OPF - Other People's Food

You all probably know Tammy from Food on the Food, she's the funny one who writes a proper food blog with actual real recipes, pretty photos, and correct grammar. Yeah, that one.

She is also a very good eater who knows all sorts of things like about farm shares and locavoring, and making things out of odd lots and figuring out sauerkraut, and that sort of thing.

Anyway Tammy went on vacation and offered me the option to take her farm share for her. Which, having heard about the Farmer, I immediately said Yes, Please! To which she replied, yeah not THAT farmer.

Bugger.

Well, too late, I'd already said yes. And as it is my current job pays me very little so the prospect of free farm-fresh food was quite enticing. Even if I wasn't going to finally meet the Farmer.

Did I mention that I'd been given two weeks worth? Yep. How nice is that? Pretty fricking nice.

So last week me and my neighbor Even Steve went out to Waltham to pick up the harvest. Firstly let me say right now: there is nothing farmer about me. Out I went in my skinny jeans, gold flip-flops, bright red purse, and Hollywood sunglasses. Hahah!

They saw ME coming for sure! Tammy had explained the pick up system, so I was prepared enough to bring my own bags. And everyone there was really nice, even if I had to keep guessing at Tammy's last name like a total fraud. Which was absurd anyway, because what fancy pants chick is going to be randomly driving around in Waltham looking for a farm share to defraud by randomly guessing that someone there by the name of Tammy happened to have a share.... Thankfully the farmer lady was able to help me out with that, although I am still sure the clipboard person was convinced of my fraudular inclinations.


First I picked out my eight items:


The white things are little sweet turnips (eerrr I think), the red balls are beets, carrots, chard, fava beans in the pod, purple scallions in there, and a couple of yellow squash and zukes in there too. And a head of lettuce.

The veg pick up at the shed was easy enough - you put the veg in the bag and done. However, I wasn't totally prepared for the pick your own herbs and stuff. Did you know that herbs, outside of containers, grow really low to the ground?

We tramped over to the herb & bean plots. Face it, I looked like a city slicker with my giant red bag and gold flips. This is why my Little House dream has remained a dream. I would last about a day on the prairie.

I clipped a few herbs - basil and parsley, and then we hit the bean bushes.

Ok, seriously, what the f*ck is a fava bean anyway? And how the f*ck are you supposed to eat them? Anyone?

Fava beans come in a thick woody pod and I could not figure out if I was meant to pick the little ones, or the big ginormous ones. In the end though it didn't really matter. I sent the beans flying around the kitchen trying to shell them and then the ones that did make it in to the pot turned grey when I cooked them.

Blech.

But everything else I ate. And fast because it turns out that farm fresh produce has a shelf life of oh, about a day before it all goes flabby. Which is a good thing and a bad thing. I totally panicked because the next day the carrots had all gone flabby, and so I hurried to cook and eat everything by Sunday night. But a good thing because pretty much by Monday morning I was pooping straight compost. I could literally feel the cholesterol leaving my body. It was great to eat such yummy vegetables.

The chard was particularly delicious. I sauteed it with a little olive oil, some garlic, and red pepper, a culinary cliche I know. But really it was a completely different taste than chard that is a little older. I even ate the stems.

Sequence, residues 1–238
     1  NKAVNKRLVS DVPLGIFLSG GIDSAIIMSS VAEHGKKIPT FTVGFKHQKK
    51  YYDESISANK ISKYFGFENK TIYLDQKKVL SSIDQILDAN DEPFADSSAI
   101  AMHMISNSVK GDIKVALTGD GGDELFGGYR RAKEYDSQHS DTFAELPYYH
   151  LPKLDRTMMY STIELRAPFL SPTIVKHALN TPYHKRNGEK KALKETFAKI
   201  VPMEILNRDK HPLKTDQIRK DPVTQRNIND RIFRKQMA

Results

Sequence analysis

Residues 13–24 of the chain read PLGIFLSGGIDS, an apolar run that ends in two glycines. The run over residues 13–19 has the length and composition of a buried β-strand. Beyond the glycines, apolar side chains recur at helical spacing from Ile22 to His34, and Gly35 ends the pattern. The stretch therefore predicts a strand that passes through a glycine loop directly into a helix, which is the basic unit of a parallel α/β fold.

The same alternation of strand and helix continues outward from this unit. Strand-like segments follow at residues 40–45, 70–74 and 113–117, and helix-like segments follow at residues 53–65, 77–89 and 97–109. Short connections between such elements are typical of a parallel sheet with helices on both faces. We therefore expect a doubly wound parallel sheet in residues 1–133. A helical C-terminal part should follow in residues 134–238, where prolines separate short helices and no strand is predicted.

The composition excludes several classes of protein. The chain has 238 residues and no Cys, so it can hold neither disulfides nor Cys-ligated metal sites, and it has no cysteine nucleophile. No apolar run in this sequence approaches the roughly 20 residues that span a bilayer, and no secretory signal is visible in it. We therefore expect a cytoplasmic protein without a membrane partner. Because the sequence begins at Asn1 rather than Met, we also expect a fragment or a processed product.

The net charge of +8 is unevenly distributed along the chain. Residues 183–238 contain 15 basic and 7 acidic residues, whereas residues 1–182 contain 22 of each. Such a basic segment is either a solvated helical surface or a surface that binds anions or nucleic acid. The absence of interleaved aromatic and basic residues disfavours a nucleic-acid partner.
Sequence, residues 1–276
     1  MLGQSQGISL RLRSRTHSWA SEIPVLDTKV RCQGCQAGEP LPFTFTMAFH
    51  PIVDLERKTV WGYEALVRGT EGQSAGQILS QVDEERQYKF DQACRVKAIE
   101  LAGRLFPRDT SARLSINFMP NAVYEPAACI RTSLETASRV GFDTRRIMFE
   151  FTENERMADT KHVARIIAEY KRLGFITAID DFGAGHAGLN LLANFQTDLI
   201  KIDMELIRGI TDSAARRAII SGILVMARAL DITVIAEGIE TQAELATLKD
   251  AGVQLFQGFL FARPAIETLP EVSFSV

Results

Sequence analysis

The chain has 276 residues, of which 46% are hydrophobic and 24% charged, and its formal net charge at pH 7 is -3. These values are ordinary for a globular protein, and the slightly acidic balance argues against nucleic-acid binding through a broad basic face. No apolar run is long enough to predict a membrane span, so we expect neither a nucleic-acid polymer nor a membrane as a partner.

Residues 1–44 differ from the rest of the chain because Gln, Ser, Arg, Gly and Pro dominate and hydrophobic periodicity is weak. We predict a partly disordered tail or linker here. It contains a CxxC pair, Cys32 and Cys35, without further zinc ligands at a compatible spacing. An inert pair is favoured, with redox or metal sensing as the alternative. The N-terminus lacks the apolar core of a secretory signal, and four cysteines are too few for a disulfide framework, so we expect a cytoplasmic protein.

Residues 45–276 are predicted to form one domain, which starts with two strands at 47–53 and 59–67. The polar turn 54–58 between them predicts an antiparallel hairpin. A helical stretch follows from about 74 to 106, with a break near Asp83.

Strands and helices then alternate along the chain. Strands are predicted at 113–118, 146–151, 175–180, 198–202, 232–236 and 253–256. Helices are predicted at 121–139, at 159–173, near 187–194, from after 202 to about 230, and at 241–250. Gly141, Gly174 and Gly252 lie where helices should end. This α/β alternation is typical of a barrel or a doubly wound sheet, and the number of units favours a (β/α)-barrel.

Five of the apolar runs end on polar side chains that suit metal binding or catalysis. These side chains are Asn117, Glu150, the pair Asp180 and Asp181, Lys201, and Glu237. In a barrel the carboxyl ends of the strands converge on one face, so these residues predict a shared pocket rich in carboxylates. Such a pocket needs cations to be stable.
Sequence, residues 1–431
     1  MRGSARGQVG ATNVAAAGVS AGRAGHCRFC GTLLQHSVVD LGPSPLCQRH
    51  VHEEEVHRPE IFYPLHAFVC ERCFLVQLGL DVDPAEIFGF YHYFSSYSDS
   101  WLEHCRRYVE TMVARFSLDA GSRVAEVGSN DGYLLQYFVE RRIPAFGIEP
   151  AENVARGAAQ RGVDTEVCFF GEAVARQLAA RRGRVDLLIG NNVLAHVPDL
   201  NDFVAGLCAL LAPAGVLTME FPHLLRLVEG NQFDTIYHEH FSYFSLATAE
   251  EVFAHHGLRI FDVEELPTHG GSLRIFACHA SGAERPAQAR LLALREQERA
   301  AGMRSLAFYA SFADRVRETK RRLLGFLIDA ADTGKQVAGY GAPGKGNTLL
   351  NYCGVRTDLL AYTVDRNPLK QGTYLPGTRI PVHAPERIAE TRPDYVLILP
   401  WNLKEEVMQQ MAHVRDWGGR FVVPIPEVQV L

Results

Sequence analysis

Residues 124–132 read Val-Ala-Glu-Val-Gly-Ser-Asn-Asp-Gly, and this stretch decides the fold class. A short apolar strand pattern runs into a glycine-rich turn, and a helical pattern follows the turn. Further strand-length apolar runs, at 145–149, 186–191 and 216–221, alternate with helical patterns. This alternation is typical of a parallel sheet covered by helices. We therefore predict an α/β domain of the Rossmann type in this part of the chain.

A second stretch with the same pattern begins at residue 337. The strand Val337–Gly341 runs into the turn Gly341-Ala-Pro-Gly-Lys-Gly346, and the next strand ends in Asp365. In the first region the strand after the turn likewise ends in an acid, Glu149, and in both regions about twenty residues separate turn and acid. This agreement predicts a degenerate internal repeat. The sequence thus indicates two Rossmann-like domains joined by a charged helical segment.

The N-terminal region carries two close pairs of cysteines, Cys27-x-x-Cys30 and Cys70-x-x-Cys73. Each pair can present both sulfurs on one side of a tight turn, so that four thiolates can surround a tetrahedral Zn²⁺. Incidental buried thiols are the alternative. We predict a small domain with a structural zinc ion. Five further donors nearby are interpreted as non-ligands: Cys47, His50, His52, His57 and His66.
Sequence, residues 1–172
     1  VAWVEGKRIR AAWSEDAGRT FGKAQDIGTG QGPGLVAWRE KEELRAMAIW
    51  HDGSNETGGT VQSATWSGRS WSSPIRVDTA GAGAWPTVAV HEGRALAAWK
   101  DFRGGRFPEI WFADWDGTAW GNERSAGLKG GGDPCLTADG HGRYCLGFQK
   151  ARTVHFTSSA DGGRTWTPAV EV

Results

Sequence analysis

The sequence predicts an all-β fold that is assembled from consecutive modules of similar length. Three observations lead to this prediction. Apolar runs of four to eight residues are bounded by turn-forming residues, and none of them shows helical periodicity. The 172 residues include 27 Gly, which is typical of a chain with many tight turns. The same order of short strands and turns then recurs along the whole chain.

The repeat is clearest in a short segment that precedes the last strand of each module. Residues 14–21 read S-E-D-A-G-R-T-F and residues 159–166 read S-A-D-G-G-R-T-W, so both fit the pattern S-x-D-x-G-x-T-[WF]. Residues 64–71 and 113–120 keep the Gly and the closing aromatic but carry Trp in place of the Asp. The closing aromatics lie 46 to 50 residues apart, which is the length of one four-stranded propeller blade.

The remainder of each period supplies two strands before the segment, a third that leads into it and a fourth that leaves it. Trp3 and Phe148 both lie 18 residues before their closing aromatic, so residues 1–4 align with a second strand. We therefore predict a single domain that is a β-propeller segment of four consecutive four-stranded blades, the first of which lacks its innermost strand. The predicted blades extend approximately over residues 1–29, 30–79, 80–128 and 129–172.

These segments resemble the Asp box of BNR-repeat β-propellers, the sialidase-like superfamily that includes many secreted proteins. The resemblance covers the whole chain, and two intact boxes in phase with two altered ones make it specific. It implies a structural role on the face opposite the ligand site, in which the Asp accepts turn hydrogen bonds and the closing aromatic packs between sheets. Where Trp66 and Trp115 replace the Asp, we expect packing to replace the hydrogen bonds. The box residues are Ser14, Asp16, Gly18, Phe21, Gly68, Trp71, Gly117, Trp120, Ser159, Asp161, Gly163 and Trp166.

So this week I was a little more prepared. I picked up some more carrots, chard, onions (purple and shaped like a torpedo) and two bulbs of fennel which I gave to my Mom who likes those sorts of things. Because even though I feel like I ought to like fennel, and endives, and radicchio, I really cannot learn to like that particular bitter green taste, nor the weird licorice taste of fennel.

The carrots I turned into a soup, along with a head of cauliflower, onions, garlic, and curry. The chard is for dinner tomorrow night - probably sauteed again with a poached egg on top.

All in all, not a bad way to start the week, especially when the food is a gift. And also on a side note, I got a replacement copy of Jilly Coopers Polo finally in the mail. I love Jilly Cooper. Her writing is both excellent and florid and it is like a literary crack hit for me. So with soup, an egg, and a great read for a hot night, life is pretty terrific.

Comments

Devilham said…
Hi Calamity Shazaam! Can I make a suggestion if you cross fava beans again? Skip the blanching that you would normally do with a bean and just saute it in butter/olive oil mix at a hight to medium flame. You really don't want to overcook them too much (or they will turn grey in the oil too), just get them warm and tender all the way through. Personally, they are some of my favorite beans, and are a far FAR cry from their canned and frozen iteration, the lima bean...god the frozen ones almost made a young devilham (that's me!) swear off veggies for life.
Annabelle B. said…
Hmmm you know I might try it. Now, tell me, do you choose the big pods or the little pods?
Devilham said…
The little pods can be sweeter (but not SOOO much so that it's a huge difference), the big ones have a starchiness that I kind of like, I suppose that's what happens to the afformentioned sugars.

On a side note, my wife mentioned a client of hers (she is a hairdresser) that was in the same situation with a farm pick up as you....you don't get your hair done in Brookline do you?
Annabelle B. said…
No I don't get my hair done in Brookline, but it might have been my doppleganger. This happens all the time, I swear!

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